Join fellow believers at Grace and Holy Trinity Church’s Wednesday evening Lenten series on March 13, 20 & 27. “Lent Past and Present” will feature Dr. Sydney Watts, Associate Professor of History and Women, Gender, and Sexuality Studies at the University of Richmond. On these three Wednesday evenings we’ll gather for dinner, program and compline from 6:00-7:30 p.m. at the church.
Dr. Watts has authored Meat Matters: Butchers, Politics and Market Culture in Old Regime Paris and her research on the history of Lent and the rise of secular society in early modern Europe is fascinating. Invite a friend to come with you and enjoy simple Lenten fare and interesting information about Lenten customs, rituals and shared meals.
Child care will be offered (please pre-register by contacting Aaron Davis) and reservations (for dinner) are due by Monday noon prior to the Wednesday evening program. Contact Barbara Hobson-Simpson for a reservation.
March 13 | The Season of Lent
This session examines the ways the early church defined the forty day period we know as Lent during the liturgical calendar. Dr. Watts will highlight biblical, environmental and cultural influences that define this season of reflection and preparation. She will also address how worshipers subscribed to the seasonal practice across medieval and early modern Europe.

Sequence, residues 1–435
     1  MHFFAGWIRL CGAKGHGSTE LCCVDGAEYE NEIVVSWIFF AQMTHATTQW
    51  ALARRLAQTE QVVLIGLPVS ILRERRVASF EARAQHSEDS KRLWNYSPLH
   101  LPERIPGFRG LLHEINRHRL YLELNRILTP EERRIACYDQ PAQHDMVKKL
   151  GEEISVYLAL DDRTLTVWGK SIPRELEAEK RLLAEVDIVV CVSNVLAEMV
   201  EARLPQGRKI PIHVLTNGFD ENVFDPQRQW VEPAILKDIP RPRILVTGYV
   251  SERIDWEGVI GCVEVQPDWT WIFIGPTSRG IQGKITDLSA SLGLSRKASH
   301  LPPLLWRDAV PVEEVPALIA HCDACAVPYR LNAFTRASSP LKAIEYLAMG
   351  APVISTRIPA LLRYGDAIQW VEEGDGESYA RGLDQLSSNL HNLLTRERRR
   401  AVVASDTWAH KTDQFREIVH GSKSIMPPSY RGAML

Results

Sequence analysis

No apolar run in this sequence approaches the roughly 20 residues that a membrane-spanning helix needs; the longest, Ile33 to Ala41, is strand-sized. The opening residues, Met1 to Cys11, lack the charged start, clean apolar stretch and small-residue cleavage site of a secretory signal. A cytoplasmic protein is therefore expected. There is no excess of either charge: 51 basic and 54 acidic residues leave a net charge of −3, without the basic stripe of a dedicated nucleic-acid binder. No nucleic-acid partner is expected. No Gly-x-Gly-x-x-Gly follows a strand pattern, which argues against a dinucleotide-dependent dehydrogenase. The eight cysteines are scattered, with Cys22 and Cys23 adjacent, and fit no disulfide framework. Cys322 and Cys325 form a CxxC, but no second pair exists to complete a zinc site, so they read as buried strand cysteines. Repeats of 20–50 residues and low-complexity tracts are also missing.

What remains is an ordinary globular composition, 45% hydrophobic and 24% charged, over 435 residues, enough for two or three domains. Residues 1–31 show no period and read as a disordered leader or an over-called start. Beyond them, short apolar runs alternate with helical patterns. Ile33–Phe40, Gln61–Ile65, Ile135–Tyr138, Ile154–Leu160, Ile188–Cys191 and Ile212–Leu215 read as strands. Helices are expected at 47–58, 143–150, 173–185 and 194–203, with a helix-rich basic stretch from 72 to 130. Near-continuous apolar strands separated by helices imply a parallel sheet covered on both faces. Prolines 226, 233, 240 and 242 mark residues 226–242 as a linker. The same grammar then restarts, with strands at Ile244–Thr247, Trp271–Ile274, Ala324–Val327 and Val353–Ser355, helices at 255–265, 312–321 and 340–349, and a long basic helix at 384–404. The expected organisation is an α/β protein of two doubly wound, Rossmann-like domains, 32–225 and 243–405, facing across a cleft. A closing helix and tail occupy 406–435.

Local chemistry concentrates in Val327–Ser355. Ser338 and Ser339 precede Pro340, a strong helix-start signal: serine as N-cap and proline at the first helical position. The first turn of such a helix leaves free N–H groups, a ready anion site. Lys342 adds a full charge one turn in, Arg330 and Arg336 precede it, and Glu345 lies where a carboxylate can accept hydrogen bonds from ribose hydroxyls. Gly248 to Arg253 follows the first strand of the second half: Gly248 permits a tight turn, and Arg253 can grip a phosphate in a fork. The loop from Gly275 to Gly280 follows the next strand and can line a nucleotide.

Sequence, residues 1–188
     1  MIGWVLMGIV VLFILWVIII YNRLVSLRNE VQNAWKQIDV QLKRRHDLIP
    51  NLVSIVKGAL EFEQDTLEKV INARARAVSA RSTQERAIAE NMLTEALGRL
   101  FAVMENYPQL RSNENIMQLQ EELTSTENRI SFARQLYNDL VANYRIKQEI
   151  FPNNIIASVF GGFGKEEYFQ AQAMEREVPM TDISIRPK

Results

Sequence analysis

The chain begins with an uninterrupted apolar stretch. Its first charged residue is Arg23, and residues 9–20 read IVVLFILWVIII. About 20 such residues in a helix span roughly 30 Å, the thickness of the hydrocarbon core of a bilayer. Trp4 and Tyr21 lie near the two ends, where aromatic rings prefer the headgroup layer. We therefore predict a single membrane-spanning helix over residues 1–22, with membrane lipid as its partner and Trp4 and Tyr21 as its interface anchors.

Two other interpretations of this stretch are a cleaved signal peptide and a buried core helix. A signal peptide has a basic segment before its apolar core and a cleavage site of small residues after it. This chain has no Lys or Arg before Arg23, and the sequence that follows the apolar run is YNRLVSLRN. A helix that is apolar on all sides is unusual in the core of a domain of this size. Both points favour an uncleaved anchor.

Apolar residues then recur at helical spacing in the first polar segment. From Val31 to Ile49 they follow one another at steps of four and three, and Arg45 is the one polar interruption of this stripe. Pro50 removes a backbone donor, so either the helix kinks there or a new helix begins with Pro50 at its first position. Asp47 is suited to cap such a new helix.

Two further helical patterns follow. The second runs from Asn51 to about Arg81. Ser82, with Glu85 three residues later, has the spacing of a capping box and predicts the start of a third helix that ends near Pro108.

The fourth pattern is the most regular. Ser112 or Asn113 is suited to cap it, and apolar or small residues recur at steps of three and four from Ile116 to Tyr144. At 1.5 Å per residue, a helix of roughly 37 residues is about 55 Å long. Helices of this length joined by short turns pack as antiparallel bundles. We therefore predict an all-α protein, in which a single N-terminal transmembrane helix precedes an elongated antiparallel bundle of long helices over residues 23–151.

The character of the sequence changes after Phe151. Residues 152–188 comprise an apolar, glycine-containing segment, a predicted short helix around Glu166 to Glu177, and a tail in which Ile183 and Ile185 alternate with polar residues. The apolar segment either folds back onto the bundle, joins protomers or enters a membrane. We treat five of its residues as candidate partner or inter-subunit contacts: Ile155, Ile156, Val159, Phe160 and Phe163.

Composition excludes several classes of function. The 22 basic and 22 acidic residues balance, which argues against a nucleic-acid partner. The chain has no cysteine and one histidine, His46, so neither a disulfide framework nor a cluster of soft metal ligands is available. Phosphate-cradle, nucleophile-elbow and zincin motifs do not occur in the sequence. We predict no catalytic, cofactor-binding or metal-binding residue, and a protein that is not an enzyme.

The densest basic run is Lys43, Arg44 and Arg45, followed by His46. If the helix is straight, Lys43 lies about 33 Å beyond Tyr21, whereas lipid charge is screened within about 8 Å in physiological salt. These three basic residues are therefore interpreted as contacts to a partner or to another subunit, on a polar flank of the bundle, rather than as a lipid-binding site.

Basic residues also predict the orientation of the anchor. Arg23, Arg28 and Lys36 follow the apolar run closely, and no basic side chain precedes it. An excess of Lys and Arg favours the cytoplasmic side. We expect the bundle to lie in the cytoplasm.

March 20 | The Rituals of Lent
A wide variety of rituals surround Lent, particularly in the period of the Reformation when the Church split over the question of “doing penance.” Lent was a period known for spiritual discipline and fasting as much as it was a celebration of piety. What do these rituals reveal about how Christians viewed themselves in the past, and how they see themselves today?
March 27 | The Shared Meals of Lent
For many, Lent is about personal sacrifice–what we “give up” for Lent, developing deeper spiritual focus through fasting and prayer. But this period can also be seen as a form of corporate worship and a shared expression of religious identity. This final session looks at the historical practices of communal fasts as well as the shared meals to break the fast among a body of believers.